Enhancing Public Spaces through Community Engagement
As landscape architects, we are given the gift of creating a vision of what a public space can become. We imagine how people will use it, how it will look, and the positive impact it will have on the surrounding community. One of the most important parts of that process is engaging the surrounding public, and actively listening to their thoughts, needs, and concerns. Through the process of community engagement, we bring together groups of people; stakeholders, interested groups, and citizens; to work collaboratively to address a common goal.
Engaging the community prioritizes the needs of the people impacted by the project. Conversations can lead to new ideas, further strengthening the final design. Galloway Lake Park is a large green space in Pontiac, Michigan that used to be a hub of activity through its fishing pier, basketball and tennis courts, and the now-defunct Ewalt Community Center. When starting the design process, PEA Group used a combination of online and in-person input. An online survey revealed many reasons why the residents of Pontiac do not use the park, as well as what amenities could be added to make it more desirable. We took the survey data, previous knowledge, and our design thoughts to a series of stakeholder and public meetings, where we collected information that changed the entire project. It was shocking the number of people who worked and lived nearby didn’t even know the park existed. We learned that grandparents want a safe, local place to take kids to play. That families need a place to hold picnics and parties. That the neighborhoods abutting the park don’t want any pathway connections because of how unsafe it has become. We can now take that knowledge and transform this space into a welcoming, active park that can meet the needs of the people.
Additionally, this process allows us as designers, alongside community leaders, to enlist the people that will be impacted by the project, and help them feel more connected to the process. Often, designers receive pushback when they present their ideas. Meeting with the community creates a two-way conversation where both designers and citizens can have a productive discussion about their ideas. For example, as trail planners, when researching route options, some of the things we investigate are land ownership, safety, access to diverse populations, maintenance viability, and adjacent amenities. There may be a route option that looks best on paper due to its scenic views, but if there are large areas of property acquisition, or it would bypass large population areas, another option may be better. Addressing these issues in a public setting can help people gain a better understanding of why the design works.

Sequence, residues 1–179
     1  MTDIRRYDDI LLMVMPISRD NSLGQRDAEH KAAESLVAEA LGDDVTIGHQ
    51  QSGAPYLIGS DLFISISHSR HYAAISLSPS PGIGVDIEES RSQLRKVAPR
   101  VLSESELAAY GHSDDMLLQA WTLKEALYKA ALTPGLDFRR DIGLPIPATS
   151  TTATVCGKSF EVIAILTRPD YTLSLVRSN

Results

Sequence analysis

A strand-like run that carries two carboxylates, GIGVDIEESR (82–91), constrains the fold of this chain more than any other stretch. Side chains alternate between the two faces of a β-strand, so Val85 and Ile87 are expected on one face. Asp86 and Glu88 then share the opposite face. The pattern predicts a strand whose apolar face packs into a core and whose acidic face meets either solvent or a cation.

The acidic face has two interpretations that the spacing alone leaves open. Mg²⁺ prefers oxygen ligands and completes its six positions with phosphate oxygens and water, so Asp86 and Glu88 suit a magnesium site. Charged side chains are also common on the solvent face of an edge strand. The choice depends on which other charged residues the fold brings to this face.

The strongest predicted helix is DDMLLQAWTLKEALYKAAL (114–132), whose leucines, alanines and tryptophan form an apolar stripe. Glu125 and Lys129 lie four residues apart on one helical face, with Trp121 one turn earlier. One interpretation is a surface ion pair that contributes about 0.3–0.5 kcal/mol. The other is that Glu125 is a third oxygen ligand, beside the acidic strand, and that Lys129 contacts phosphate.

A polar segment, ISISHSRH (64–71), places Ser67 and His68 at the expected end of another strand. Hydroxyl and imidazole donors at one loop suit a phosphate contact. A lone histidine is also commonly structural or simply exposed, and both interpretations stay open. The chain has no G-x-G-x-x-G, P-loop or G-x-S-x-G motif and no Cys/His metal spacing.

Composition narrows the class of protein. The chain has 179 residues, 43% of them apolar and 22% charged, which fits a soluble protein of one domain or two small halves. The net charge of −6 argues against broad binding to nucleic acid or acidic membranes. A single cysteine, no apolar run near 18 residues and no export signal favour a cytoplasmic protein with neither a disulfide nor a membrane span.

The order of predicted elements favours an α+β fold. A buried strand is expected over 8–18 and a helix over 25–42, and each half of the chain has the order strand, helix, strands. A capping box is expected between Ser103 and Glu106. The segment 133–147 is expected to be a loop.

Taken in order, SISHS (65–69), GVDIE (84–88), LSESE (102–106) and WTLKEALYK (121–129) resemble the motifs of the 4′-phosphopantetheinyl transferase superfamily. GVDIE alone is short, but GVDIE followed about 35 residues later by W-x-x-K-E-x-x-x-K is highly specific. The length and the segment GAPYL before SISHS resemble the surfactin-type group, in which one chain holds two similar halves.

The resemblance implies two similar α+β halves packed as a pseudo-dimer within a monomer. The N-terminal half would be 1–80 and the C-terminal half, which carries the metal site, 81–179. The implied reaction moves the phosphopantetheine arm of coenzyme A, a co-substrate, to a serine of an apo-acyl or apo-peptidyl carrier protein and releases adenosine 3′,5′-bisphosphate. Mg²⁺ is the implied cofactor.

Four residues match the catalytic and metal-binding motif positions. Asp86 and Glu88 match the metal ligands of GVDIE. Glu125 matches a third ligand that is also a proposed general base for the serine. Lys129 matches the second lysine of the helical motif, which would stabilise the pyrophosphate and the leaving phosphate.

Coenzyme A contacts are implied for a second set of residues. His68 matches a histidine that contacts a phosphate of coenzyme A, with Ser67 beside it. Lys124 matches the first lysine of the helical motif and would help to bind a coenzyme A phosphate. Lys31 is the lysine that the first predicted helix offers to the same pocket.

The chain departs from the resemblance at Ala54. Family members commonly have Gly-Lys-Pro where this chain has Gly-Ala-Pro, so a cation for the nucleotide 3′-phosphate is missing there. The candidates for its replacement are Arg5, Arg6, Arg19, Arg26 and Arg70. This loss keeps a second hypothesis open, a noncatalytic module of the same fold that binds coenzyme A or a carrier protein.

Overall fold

Alternatively, meetings can lead to fine tuning the results. In 2022, PEA Group worked with the Huron Clinton Metroparks on a trail study to connect two State Parks and two Metroparks in Livingston and Oakland Counties. The planning process involved meeting with stakeholders, site visits to score routes and determine the best option, and an in-depth community engagement process that included an online survey and attending public events such as farmers markets and track meets, to gain feedback. We learned that 97% of the 1,000 people surveyed supported the preferred route. However, while most people supported the route that rose to the top, it did not address the concerns of the entire community, who wanted a route to another popular regional trail system. While that route was not the most efficient for our project goals, through additional meetings, we were able to explain the reasoning behind the final route, as well as evaluate their concerns and discuss ways we could work together to achieve everyone’s goals. In the end, PEA Group updated the final maps to include another route connection and discussed ways that grant funding could be pooled together to create a stronger route with even stronger community support.
Public engagement is a valuable tool that brings together diverse groups of people to work toward a shared vision. Using a range of tools and techniques, it provides designers and community leaders with an effective strategy for design that will be welcomed and utilized by the community. Public spaces provide areas for all people, regardless of their background to gather, play, and learn. By remaining flexible and actively listening to a diverse cross section of the community, we can continue to create spaces that enhance and bring together local communities.